The swamp at the bottom of the hill on which the lodge is situated, near the office buildings, was wet throughout the stay. It is still the only confirmed site for Brown-striped Spreadwing Lestes tricolor in the area, but holds easily 25 species within its 30×15  m area. Amongst these are sought after species like the Flame-tip Telagrion longum and Brazilian Blue-eye Anatya januaria, both often found emerging there, but it now also holds a good population of Caribbean Duskhawker Triacanthagyna caribbea and the rarely encountered Silver-clouded Dragonlet Erythrodiplax laurentia. This little area is constantly evolving and never ceases to amaze.

The wetland itself is also evolving, with some of the pioneer species that were very common in previous years losing ground to species that likely require less disturbed habitat. This means that the Erythemis species, although still present, are much scarcer. Several years back Pin-tailed Pondhawk E. plebeja would pick off the flies accompanying Ode lovers at virtually every step, but now you have to search for it. Rainpool Spreadwing Lestes forficula, previously abundant and one of the commonest species, was almost completely gone. On the other hand, Guiana Spiderlegs Planiplax phoenicura is now really common and has been joined by the rarer Scarlet Spiderlegs Planiplax arachne, and previously common Bow-tailed Dasher Micrathyria catenata has been largely replaced by Square-spotted Dasher M. ocellata.

Silver-clouded Dragonlet &lt;em&gt;Erythrodiplax laurentia&lt;/em&gt; female at the Large Pond at Vecchi (© Tom Kompier)
Silver-clouded Dragonlet Erythrodiplax laurentia female at the Large Pond at Vecchi (© Tom Kompier)
The rare and enigmatic Mantled Skimmer Edonis helena at Vecchi (© Tom Kompier)

At the nearby forest fragment of Onofre Cunha, the recently described Regua Pincertip Forcepsioneura regua was still regular, and exciting as always.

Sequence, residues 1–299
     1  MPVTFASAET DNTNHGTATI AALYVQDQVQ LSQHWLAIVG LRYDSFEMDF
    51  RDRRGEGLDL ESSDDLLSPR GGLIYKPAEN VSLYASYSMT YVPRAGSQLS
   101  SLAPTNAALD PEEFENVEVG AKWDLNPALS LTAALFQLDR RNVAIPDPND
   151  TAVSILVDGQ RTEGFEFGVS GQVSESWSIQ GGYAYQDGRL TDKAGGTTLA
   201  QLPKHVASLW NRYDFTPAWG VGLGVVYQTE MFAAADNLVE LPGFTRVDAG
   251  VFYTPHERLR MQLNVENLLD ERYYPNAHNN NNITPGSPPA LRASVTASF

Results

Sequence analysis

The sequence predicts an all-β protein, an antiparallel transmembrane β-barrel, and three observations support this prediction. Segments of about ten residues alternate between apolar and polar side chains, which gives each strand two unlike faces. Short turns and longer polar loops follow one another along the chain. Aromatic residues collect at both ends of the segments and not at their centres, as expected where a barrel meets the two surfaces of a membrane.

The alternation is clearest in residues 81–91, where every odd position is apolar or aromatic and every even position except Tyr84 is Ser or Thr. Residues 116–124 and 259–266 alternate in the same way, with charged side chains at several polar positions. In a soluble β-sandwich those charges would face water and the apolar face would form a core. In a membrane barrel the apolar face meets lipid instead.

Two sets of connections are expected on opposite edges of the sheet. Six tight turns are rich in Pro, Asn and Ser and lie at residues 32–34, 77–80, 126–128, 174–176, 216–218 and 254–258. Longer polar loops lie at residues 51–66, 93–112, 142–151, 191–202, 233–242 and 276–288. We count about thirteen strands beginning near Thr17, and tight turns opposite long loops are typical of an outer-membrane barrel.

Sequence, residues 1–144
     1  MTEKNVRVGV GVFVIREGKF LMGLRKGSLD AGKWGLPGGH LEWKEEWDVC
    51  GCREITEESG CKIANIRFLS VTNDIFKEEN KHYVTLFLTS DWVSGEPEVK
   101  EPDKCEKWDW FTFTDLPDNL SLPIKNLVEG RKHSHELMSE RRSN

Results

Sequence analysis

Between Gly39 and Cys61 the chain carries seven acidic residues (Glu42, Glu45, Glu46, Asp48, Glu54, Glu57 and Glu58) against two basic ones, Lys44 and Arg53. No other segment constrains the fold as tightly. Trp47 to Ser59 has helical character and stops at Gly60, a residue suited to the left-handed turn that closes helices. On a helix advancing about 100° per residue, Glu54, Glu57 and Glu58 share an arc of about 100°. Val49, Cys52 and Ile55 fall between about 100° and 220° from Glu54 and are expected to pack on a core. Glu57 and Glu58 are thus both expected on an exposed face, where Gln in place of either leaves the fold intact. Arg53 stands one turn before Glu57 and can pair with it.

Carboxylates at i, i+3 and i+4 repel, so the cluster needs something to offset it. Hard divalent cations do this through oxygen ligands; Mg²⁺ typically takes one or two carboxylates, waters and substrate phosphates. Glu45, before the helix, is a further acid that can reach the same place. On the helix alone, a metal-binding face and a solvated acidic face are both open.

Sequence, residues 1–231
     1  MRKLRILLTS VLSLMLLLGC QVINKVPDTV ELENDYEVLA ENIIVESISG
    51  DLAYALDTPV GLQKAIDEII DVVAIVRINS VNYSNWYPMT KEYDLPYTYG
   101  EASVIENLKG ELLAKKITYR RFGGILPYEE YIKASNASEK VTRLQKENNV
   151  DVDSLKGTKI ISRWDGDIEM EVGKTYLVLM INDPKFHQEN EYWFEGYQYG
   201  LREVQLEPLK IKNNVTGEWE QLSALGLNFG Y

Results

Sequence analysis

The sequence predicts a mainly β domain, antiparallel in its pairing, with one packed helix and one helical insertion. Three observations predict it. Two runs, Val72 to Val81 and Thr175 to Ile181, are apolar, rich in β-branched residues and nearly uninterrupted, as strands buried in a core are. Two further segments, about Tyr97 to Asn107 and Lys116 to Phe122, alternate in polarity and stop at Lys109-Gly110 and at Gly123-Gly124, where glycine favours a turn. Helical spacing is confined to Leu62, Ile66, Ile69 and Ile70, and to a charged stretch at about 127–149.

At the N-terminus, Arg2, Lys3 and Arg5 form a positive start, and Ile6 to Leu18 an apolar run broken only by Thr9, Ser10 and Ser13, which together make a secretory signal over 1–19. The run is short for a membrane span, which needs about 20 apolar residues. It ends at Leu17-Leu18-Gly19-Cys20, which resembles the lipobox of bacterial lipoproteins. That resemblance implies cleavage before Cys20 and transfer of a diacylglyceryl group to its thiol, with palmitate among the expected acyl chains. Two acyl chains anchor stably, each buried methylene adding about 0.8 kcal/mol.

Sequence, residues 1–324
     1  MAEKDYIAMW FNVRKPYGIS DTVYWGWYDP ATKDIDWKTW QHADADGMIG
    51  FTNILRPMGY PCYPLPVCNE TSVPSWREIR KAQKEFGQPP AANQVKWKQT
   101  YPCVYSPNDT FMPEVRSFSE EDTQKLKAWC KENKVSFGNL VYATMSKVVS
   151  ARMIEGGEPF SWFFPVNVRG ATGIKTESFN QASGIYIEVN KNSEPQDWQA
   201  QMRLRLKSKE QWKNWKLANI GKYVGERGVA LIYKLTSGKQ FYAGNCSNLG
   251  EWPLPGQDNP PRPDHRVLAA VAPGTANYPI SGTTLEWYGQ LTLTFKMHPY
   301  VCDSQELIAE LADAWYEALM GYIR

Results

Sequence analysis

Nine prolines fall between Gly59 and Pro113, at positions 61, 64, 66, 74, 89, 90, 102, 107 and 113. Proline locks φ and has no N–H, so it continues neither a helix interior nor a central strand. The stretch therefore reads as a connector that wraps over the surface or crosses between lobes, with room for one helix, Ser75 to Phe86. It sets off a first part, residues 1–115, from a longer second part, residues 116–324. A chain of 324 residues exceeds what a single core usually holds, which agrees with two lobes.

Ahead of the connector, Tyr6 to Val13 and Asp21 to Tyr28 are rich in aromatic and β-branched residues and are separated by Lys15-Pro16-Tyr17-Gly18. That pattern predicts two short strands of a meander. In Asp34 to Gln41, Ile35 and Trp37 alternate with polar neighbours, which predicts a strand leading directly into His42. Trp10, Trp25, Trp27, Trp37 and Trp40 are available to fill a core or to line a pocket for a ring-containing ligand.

The Green Trail up to the Waterfall was excellent as usual. It turned out to be a particularly good year for the Long-tailed Bromeliad Guard Leptagrion perlongum with dozens seen at the beginning of the trail. Further up a copula of Cinnamon Flatwing Heteragrion sp. was a first, and even more exciting was that is was seen to subsequently oviposit in a shallow forest stream, verifying its suspected habitat.

The fishponds at Vecchi remain excellent, although the Large Pond seems to suffer from disturbance. This possibly explains the apparent complete absence of Slender Redskimmer Rhodopygia hollandi, which used to be a common species here. During our visits we observed a very late Green Forceptail Phyllocycla pallida, which previously had not been recorded after early December. A female Silver-clouded Dragonlet Erythrodiplax laurentia here was another surprise. The small ponds again turned up such excellent species as the enigmatic Mantled Skimmer Edonis helena.

One of the most exciting observations was done at the Tres Picos area, where several Chagas’s Emeralds Neocordulia carlochagasi was observed patrolling. This area appears to be a good location for this rare species, with observations in several years now. Another specialty of this area is White-fronted Sylph Macrothemis capitata, which has now been found consistently for several years at the start of the trail up.

Although not achieving the maximum score of the 2018 tour (166), partly because fewer locations were visited and partly because of weather and luck, the result proved once more that any visitor in the right season can expect to see more species of dragonfly here than recorded from the whole of Europe, and with much more ease.